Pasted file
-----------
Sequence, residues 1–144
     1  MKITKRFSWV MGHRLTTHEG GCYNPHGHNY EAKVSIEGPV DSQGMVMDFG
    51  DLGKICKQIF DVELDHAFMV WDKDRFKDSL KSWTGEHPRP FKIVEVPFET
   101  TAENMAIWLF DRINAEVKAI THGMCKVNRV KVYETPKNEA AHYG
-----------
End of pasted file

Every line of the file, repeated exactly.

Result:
Sequence, residues 1–144
     1  MKITKRFSWV MGHRLTTHEG GCYNPHGHNY EAKVSIEGPV DSQGMVMDFG
    51  DLGKICKQIF DVELDHAFMV WDKDRFKDSL KSWTGEHPRP FKIVEVPFET
   101  TAENMAIWLF DRINAEVKAI THGMCKVNRV KVYETPKNEA AHYG